PhotoGonorrhea may soon be resistant to all major antibiotics, health officials warn. The World Health Organization recently reported three confirmed cases of the sexually transmitted disease that did not respond to even last-resort drugs.

"We need new tools and systems for better prevention, treatment, earlier diagnosis, and more complete tracking and reporting of new infections, antibiotic use, resistance and treatment failures" said Marc Sprenger, director of antimicrobial resistance at the WHO.

WHO says it is finding widespread resistance to older and cheaper antibiotics. Some countries – particularly high-income ones, where surveillance is best – are finding cases of the infection that are untreatable by all known antibiotics.

"These cases may just be the tip of the iceberg, since systems to diagnose and report untreatable infections are lacking in lower-income countries where gonorroea is actually more common," said Dr. Teodora Wi, Medical Officer, Human Reproduction, at WHO.

Women at risk

Gonorrhea is the second-most-common bacterial sexually transmitted disease (STD) after chlamydia. It's estimated that 78 million people, most of them under 25, contract the disease worldwide each year.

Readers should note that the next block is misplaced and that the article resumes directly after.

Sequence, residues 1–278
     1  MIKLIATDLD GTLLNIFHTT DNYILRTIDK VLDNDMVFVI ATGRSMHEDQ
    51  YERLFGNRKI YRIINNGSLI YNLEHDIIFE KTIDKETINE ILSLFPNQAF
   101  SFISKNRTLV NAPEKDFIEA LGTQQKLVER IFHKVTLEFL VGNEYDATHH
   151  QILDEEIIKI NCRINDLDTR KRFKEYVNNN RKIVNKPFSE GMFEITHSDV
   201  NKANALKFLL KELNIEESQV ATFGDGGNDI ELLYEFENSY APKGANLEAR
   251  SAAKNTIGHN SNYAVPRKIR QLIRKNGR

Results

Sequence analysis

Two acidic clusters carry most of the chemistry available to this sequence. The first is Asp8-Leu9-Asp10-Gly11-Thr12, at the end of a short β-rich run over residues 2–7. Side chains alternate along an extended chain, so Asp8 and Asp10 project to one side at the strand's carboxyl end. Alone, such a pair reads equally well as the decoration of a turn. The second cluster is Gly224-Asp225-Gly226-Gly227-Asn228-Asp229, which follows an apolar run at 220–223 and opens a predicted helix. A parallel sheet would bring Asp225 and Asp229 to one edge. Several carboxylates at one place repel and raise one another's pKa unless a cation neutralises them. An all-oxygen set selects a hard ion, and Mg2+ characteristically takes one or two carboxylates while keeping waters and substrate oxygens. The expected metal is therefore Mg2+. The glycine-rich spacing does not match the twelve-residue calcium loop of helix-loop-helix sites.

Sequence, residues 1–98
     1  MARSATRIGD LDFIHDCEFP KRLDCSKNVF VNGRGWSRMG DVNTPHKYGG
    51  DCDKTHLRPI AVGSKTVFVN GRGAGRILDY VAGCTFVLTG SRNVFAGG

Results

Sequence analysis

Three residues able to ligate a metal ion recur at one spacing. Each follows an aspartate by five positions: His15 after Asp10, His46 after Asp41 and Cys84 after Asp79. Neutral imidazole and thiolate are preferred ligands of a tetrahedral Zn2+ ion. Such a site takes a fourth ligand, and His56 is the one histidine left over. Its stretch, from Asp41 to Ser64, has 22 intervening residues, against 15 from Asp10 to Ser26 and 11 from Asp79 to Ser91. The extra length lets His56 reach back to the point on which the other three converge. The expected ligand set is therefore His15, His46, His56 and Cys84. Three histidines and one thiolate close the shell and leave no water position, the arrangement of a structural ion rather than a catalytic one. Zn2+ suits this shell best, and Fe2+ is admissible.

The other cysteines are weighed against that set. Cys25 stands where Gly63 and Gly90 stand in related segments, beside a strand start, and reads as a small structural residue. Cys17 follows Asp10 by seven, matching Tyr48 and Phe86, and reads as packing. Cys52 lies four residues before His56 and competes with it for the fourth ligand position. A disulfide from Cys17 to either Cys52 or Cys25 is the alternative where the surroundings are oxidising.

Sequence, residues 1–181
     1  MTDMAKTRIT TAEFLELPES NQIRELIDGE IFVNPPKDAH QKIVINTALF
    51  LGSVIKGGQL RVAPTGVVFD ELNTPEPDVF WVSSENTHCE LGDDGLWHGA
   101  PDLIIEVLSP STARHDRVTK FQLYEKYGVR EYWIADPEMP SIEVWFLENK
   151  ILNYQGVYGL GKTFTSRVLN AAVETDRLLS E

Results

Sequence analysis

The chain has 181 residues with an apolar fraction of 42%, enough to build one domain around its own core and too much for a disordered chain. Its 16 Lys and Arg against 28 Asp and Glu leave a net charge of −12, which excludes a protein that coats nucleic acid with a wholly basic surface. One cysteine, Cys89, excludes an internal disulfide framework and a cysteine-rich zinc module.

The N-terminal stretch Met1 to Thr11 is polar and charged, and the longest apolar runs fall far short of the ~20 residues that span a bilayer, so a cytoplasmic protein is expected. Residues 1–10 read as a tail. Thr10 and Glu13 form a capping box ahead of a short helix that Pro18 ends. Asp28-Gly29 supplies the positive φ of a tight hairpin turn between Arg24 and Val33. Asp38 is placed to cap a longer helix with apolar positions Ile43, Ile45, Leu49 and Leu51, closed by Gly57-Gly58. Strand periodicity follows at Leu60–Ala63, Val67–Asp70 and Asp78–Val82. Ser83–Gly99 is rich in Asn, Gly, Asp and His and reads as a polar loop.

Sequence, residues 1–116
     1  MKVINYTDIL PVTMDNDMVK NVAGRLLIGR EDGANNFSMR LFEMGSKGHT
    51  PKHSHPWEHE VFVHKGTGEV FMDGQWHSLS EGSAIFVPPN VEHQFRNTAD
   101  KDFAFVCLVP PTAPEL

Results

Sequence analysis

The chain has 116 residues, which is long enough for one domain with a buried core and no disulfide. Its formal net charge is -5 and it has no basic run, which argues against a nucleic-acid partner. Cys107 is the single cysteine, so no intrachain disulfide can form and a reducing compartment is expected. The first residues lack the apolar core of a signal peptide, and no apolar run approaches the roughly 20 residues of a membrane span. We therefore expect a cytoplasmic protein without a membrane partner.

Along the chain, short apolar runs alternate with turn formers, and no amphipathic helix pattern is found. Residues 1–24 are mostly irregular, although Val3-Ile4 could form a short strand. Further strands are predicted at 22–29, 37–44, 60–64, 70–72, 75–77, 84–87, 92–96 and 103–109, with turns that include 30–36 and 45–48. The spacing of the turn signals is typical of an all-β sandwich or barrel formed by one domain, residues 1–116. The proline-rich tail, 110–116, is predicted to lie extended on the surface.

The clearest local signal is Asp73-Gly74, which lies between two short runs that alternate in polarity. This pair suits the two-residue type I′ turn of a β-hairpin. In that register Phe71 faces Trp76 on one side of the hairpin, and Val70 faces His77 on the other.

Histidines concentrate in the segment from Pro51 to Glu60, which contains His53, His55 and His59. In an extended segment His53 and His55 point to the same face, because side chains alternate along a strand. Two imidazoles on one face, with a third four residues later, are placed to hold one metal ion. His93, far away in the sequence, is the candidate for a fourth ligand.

Gonorrhea can infect the genitals, rectum, and throat. Complications disproportionally affect women, including pelvic inflammatory disease, ectopic pregnancy, and infertility, as well as an increased risk of HIV.

Decreasing condom use, increased urbanization and travel, poor infection detection rates, and inadequate or failed treatment all contribute to the increase.

Health officials say the R&D pipeline for gonorrhea is relatively empty, with only three promising new drugs in various stages of development: solithromycin, zoliflodacinm, and gepotidacin.

Development is slow because antibiotics aren't very attractive for drugmakers. Treatments are taken for only a short period of time compared to drugs for chronic diseases. Also, antibiotics become less effective as bacteria develop resistance to them, meaning that drugs become obsolete quickly.

Prevention offers the best near-term option, WHO officials say. Condom use and careful sexual practices can prevent most cases of the disease. Today, lack of public awareness, lack of training of health workers, and stigma around STDs are barriers to effective prevention.


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